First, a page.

Breadboards on a table top

I'm building a Shaker Chest of Drawers and want to put breadboards on the ends of the top - and now that I accidently cut the non breadboard top a tad short, I'm not really left with a choice (I know, measure twice, cut once) I'm worried about wood movement over time but don't really want to do a tounge and groove operation if I can avoid it because they don't ever seem to line up perfectly (at least for me). Any suggestions or do I have to bite the bullet and do it like Normie does it?
Don
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there are a range of methods to achieve breadboard ends that are fully functional and none that will avoid shrinkage
if both sides are going to be visible it sounds like a dowelling job to me
One way to reduce the visual impact of shrinkage is to first of all make the piece so that the ends are "just a wee bit" shorter than the table's width ... I am talking 2 millimetres at each end at the most - then chamfering the corner where it meets the table .... but just a little and the table corner as well .... say a 3 mm chamfer on both ... it just "knocks the hard corner" off each and when the movement happens - and it probably will - you have a bit of leeway. Finally, I wrote out the exact brand, mixture etc of stains I used on the top and glued it to the underside for future reference so that when I need to, I am not hunting for the correct stuff to get an exact match.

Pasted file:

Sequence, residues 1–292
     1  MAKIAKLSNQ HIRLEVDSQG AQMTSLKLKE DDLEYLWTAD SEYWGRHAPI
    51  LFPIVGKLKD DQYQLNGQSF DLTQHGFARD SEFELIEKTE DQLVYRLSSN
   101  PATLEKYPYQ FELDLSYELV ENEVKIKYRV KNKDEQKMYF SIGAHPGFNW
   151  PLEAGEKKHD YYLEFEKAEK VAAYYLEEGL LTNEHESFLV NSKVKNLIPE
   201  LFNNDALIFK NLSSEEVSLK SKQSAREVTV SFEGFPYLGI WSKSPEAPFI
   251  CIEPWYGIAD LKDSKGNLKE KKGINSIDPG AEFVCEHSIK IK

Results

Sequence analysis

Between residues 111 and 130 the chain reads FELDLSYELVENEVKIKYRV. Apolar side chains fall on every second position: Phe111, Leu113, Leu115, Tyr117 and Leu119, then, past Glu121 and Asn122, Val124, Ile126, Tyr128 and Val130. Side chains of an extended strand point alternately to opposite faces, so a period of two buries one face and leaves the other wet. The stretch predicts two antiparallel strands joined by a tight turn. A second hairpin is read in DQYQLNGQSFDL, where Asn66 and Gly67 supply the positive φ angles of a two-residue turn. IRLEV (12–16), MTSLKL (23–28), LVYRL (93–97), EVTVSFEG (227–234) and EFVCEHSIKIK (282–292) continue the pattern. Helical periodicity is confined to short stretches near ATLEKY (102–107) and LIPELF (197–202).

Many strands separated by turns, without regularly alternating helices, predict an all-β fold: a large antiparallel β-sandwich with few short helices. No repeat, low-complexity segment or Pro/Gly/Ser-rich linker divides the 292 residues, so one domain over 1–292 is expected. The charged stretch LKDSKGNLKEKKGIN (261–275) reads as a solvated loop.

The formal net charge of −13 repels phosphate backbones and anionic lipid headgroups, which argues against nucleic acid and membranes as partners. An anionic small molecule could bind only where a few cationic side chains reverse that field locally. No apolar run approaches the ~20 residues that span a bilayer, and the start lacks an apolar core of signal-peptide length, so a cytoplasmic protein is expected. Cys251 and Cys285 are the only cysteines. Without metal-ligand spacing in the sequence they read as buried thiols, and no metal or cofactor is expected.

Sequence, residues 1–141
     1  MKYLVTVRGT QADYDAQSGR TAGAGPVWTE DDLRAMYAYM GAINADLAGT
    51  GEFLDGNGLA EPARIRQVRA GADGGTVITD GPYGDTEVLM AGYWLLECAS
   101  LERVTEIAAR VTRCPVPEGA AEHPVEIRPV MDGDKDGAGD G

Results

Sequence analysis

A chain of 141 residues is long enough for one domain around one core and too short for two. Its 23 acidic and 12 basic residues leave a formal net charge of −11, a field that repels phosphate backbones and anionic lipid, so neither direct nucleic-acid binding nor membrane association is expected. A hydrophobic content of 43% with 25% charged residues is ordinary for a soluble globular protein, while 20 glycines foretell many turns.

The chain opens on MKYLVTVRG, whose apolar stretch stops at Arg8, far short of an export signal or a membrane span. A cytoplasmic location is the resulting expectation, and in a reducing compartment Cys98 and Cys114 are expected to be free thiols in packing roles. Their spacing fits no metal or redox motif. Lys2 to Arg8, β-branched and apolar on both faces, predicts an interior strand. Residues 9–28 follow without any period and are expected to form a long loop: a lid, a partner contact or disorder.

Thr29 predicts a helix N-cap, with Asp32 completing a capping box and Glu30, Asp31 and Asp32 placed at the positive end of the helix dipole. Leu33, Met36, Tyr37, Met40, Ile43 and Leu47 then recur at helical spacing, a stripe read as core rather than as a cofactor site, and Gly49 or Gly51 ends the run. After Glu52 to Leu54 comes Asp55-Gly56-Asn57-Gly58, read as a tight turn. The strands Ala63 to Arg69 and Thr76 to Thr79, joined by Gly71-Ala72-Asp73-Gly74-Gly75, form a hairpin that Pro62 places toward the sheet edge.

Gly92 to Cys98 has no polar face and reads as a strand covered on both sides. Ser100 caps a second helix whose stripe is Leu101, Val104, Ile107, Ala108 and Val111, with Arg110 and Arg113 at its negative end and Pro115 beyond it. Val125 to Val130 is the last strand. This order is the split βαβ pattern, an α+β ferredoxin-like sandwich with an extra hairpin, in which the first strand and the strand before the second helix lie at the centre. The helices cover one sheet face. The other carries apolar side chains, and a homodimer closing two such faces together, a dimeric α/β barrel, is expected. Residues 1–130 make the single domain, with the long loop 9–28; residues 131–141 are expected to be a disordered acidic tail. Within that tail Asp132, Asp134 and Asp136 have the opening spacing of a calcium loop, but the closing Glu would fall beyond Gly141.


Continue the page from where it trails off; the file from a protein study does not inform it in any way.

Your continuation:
Cheers
Steve - Melbourne Australia

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Of course, with a chest, the answer is to pin in the front, where you can see or bump into it, and float behind, where you can't.

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wrote:

If you don't want to do a tongue-and-groove or a spline, then forget doing the breadboard edge. If you don't allow movement, the top may split. Be aware of cross-grain, else the wood will fail.
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The method my first woodworking instructor taught us was to use biscuits: Cut a series of mating biscuit slots in the top and the breadboard end. Glue the biscuits into the top, but on the breadboard only put glue in one biscuit slot. No glue on the edges, of course. Then the breadboard is fixed at one point, and the rest of it is free to expand or contract. The biscuits should keep the two pieces aligned vertically. Biscuit slots are designed to alow a bit of lateral movement, so you shouldn't even have to elongated the slots.
However, it's been a couple years and I ended up not doing breadboard ends, so I may have forgotten something. Perhaps someone else can let us know if they have done it this way or whether it will work.
Cheers, Wayne
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Weakness there is that the end may pull away from the top. Thus the advantage of dovetail or tongue pinned through elongated holes.
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Hi Don,
I think the easiest way is tongue & groove. I like Norm's method of centering the groove by running the edge through the dado twice to "guarantee that it is centered" but not to groove all the way to the end - that is, lower the wood onto the dado & then pick it up before it passes through the other end.
On the tongue side, clip the ends to fit the groove. Use elongated dowel holes in the tongue.
Of course, you probably know all this being a Normite already.
Lou

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Thanks for all the feedback. I essentially heard from about everyone what I already knew should be done - it had to be done so I did the tounge and groove method with the dowels and it worked fine. While it was a little more work than I wanted, I'm glad I didn't take a shortcut. Thanks again to all who replied.
Don
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